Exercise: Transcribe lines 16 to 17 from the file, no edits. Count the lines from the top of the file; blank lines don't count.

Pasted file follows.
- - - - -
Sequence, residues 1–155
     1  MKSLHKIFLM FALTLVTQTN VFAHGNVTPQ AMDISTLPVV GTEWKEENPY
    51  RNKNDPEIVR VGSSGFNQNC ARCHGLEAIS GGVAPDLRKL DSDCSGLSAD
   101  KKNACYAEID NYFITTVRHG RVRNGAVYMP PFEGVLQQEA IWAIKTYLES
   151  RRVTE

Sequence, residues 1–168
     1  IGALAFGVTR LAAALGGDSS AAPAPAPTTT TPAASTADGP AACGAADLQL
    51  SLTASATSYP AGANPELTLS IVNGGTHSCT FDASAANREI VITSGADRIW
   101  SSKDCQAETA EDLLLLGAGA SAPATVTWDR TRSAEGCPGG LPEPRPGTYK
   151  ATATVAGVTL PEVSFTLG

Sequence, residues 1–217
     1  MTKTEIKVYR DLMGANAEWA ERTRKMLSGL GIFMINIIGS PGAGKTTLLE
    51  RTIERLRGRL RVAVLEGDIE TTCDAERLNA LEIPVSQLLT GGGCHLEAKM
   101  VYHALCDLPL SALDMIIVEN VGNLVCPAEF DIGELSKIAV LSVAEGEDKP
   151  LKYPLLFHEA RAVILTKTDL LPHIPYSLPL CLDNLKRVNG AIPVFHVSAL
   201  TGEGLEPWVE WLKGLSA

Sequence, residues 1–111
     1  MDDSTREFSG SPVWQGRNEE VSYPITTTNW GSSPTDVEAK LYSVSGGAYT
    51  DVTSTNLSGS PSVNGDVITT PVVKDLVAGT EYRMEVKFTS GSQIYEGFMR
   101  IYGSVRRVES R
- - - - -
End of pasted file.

   201  TGEGLEPWVE WLKGLSA

Sequence, residues 1–111